Pakistan's special military courts, which were set up in 2015 to try civilians on terrorism charges, have ceased to exist after the government failed to get the support of the Opposition to extend their tenure, according to a media report on Monday.
The courts were set up weeks after the Peshawar school attack on December 16, 2014, for speedy trial of hardcore militants. The massacre left over 150 people dead, mostly students. These courts were often criticised for not using due process or channels while putting a suspect to trial. One such court was used to convict Indian citizen Kulbhushan Jadhav under charges of espionage. According to the Indian government, Jadhav was not given a chance to defend himself. No evidence was produced against him in the court and yet he was convicted of being an Indian spy.
Criticised by several international human rights organisations, the Pak military courts were set up for two years but later the tenure was extended in 2017 for another two years. The Express Tribune reported that the court ceased to exist on Sunday as the government failed to get the support of the Opposition to extend their tenure.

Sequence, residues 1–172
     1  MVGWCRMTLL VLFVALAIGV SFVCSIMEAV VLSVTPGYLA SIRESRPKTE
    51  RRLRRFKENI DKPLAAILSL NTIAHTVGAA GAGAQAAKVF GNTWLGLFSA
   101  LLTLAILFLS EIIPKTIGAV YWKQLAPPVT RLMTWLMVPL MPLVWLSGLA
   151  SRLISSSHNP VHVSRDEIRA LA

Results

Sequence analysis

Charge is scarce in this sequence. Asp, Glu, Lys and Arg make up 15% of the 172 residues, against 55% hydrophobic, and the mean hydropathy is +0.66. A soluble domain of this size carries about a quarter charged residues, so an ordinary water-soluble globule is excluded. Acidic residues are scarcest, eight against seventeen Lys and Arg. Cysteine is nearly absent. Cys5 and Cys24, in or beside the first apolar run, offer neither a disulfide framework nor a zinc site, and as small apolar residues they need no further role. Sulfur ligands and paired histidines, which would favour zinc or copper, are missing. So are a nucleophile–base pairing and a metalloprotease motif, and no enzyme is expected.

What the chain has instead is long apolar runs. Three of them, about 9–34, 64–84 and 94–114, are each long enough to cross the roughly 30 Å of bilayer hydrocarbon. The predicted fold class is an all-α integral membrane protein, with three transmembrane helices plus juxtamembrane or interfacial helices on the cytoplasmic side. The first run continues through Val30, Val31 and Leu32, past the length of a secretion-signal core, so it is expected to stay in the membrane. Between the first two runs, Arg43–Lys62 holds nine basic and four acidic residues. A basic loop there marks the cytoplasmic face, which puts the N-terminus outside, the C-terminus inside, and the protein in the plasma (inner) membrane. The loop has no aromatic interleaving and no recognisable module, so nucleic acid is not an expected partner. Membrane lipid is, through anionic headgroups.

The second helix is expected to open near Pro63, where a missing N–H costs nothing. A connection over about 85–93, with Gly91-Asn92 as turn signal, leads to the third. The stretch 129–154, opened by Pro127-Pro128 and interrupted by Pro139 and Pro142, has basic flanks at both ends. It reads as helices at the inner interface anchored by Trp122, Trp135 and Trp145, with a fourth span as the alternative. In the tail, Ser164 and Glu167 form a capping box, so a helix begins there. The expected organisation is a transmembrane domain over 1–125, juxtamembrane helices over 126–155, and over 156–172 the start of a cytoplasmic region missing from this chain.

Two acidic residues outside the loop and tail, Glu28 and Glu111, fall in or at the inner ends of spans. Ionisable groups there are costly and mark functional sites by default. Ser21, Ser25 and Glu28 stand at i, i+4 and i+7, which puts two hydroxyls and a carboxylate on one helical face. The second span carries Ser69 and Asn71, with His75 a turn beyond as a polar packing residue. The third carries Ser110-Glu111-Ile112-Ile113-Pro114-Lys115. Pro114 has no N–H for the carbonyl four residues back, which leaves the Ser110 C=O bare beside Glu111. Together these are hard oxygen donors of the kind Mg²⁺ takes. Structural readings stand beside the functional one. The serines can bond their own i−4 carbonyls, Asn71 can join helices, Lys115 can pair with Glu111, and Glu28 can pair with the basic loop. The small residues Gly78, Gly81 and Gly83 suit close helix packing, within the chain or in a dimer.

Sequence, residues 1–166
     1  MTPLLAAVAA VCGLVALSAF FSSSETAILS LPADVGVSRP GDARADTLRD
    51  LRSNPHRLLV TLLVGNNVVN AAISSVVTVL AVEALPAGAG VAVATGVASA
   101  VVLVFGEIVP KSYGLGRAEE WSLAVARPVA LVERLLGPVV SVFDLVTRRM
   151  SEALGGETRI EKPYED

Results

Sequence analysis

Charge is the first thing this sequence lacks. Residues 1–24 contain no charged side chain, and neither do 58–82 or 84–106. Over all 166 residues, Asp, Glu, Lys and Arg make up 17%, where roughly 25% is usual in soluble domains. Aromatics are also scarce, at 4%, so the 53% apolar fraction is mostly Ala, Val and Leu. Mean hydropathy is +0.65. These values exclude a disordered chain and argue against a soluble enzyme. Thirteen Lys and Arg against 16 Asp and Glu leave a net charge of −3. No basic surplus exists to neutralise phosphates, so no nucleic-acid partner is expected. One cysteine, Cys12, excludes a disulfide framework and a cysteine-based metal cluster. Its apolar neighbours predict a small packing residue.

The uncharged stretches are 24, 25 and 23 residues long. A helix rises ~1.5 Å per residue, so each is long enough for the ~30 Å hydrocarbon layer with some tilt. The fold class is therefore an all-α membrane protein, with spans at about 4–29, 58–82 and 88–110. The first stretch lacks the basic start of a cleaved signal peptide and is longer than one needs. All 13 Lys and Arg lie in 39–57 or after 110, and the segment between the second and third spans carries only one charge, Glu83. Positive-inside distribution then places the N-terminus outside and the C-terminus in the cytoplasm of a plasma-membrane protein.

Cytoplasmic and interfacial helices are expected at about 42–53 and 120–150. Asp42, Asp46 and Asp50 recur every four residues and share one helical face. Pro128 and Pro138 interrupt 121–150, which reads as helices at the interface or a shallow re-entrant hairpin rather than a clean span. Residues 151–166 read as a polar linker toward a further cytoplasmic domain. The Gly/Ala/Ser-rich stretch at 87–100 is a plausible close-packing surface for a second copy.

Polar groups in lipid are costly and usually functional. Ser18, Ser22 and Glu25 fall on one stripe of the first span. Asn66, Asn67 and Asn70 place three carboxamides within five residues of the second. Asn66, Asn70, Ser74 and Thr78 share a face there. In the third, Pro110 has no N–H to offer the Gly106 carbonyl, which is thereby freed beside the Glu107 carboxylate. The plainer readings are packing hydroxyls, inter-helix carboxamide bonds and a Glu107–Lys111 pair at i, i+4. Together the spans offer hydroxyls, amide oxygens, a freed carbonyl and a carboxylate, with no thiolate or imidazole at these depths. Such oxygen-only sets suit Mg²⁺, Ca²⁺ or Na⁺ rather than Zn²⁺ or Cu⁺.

The government wanted to give another extension of two years to the military courts.
In its effort to generate consensus on the issue, the government had planned a meeting of parliamentary heads of opposition parties on March 28. However, due to the prevailing tense political situation, the opposition parties boycotted the meeting which led to its cancellation.
While there is no official data available about the cases handled by the military courts, the National Assembly was informed in November last year that the military authorities were to decide 185 terrorism-related cases before the expiry of their term in March.
Defence Minister Pervez Khattak told the lower house at that time that a total of 478 cases were decided by these courts. He said a total of 284 convicts had been awarded death sentences.
In August 2015, the Supreme Court upheld the establishment of military courts to try terror suspects in a majority ruling but said the superior judiciary could still review any judgment passed by them.
In 2016, a larger bench of the Supreme Court also endorsed the trial of militants conducted by these courts.
(With inputs from PTI)